Άγνωστο τρίπτυχο του Γεωργίου Κλόντζα και ο αποδέκτης τουPart of : Δελτίον της Χριστιανικής Αρχαιολογικής Εταιρείας ; Vol.38, 1999, pages 335-344
An Unpublished Triptych by Georgios Klontzas and its Recipient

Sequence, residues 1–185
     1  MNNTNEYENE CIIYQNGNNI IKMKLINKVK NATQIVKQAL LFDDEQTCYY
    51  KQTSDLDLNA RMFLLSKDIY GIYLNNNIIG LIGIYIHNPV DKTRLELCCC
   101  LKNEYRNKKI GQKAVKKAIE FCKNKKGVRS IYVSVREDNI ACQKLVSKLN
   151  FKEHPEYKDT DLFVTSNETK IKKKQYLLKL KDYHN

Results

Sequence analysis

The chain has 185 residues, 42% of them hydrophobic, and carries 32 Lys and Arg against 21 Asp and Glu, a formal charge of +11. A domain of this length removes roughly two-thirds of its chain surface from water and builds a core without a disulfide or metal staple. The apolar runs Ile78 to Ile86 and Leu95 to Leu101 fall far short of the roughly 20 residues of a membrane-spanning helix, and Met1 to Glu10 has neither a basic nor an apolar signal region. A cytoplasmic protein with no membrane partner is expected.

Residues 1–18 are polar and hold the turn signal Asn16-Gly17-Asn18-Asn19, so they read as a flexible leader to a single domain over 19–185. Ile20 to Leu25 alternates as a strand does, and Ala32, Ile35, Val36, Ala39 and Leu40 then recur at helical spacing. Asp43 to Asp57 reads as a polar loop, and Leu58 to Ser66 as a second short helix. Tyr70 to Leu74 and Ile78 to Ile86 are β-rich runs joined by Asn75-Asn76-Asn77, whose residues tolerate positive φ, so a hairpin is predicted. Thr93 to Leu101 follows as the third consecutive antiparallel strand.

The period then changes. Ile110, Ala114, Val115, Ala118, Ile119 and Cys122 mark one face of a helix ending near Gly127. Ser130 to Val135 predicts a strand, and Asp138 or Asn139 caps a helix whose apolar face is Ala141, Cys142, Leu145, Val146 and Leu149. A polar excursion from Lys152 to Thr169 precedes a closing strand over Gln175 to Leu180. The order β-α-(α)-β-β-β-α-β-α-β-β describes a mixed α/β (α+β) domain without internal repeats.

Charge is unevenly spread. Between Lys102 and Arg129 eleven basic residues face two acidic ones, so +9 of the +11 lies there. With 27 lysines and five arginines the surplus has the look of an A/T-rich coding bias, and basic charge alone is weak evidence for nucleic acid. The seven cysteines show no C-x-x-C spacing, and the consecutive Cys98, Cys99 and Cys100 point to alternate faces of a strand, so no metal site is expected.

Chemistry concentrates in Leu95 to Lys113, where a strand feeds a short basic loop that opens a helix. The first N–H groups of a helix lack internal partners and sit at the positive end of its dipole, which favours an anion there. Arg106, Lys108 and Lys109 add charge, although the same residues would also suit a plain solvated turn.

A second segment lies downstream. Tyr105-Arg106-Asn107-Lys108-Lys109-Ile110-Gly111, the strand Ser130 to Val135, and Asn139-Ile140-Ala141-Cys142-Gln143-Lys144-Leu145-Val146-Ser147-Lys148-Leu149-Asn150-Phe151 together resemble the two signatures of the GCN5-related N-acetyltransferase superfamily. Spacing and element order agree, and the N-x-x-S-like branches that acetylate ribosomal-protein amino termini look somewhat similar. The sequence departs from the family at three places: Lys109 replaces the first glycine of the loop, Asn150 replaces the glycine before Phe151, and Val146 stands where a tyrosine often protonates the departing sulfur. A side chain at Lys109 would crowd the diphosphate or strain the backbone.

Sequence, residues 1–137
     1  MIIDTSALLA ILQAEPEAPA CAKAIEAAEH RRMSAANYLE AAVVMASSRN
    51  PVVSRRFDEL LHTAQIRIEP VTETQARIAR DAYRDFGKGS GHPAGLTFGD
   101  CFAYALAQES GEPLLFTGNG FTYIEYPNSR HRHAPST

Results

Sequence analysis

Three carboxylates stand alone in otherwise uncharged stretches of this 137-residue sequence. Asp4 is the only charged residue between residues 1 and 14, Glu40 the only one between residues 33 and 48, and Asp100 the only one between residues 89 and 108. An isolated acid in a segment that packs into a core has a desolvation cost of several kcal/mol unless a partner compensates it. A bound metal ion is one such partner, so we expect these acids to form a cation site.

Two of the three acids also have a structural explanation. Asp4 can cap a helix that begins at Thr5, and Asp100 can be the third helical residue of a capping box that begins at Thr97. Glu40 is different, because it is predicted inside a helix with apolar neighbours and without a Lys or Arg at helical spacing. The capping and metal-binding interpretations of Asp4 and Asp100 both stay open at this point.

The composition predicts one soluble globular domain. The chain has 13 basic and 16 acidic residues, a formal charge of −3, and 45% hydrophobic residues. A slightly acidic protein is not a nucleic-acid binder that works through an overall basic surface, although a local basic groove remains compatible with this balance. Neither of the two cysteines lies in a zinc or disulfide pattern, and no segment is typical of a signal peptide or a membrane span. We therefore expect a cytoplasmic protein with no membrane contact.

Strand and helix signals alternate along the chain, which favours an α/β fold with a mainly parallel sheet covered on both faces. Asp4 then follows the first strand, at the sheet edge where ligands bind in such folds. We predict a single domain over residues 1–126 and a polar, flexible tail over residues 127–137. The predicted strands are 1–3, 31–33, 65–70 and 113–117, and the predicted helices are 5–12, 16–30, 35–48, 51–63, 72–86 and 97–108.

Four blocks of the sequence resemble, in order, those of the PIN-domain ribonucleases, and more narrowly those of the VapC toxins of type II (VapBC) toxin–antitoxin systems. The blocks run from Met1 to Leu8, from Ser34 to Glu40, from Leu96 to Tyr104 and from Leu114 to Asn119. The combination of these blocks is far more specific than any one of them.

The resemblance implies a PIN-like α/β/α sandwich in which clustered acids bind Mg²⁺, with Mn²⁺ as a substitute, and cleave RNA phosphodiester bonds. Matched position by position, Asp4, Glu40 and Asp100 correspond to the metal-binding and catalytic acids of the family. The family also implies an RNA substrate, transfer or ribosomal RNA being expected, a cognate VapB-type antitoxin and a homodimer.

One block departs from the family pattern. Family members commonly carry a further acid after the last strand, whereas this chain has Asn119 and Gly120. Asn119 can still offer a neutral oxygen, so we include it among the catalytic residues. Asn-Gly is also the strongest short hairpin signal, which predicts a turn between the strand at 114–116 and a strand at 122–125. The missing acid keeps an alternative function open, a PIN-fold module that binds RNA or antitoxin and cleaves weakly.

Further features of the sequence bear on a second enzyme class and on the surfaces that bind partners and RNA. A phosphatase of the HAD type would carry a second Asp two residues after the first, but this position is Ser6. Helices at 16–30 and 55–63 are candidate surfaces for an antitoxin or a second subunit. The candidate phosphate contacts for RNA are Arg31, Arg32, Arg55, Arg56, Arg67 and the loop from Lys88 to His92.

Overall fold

he small work of art presented in this study has notpreviously been noted or published by scholars. It is thecentral wood-carved panel of a Cretan triptych (23.5 x 13.5cm), now dismembered, held in the J.F. Willumsens Museum, Frederikssund, Denmark.Artist, collector, and one of the first modern art historiansto study the formative period of El Greco, Willumsen boughtthe work in question in 1914 in North Italy (Brescia).The work shows the Virgin and Child (of the Vrephokratousa type), with the Virgin being crowned by flying angels.In the lower left corner of the scene is painted a coat ofarms: a white (=silver) hat, with spiral-shaped top (reminiscent of that worn by the Doge of Venice), is depicted on adark blue background. The coat of arms belongs to thenoble Tiepolo family, members of which served as officialsin Venetian-controlled Crete in the sixteenth century.It is likely that the recepient of the original triptych wasErmolao (Venetian: Almorò) Tiepolo, Duke of Crete from1578 to 1580. Furthermore, after a careful analysis of theiconographie details in the painting, it is proposed that thetriptych was commissioned as a gift for Ermolao Tiepolo onthe occasion of the completion of his term of office on Crete.In fact we know of other cases where works of art, encomiasticdiscourses and other literary or historical works werededicated to departing Venetian dignitaries of the island.The triptych is distinguished for the high quality of itspainting, the delicate treatment of detail and finely craftedstylistic features. And the flowing rendering of the figuresand a mannerist feel to the whole, together with the closelyfolded drapery and subtly blended colours all point to thework of Georgios Klontzas, a major Cretan artist with aparticular talent for miniature detail and manuscript illuminations. If we accept this attribution of the work, it ispossible now to add yet another triptych to the known output of Georgios Klontzas, and to date it with considerablecertainty to 1580. Once again, the reputation of the painteris confirmed for us, as well as the high esteem in which hewas held by the high society of Venetian-ruled Candia.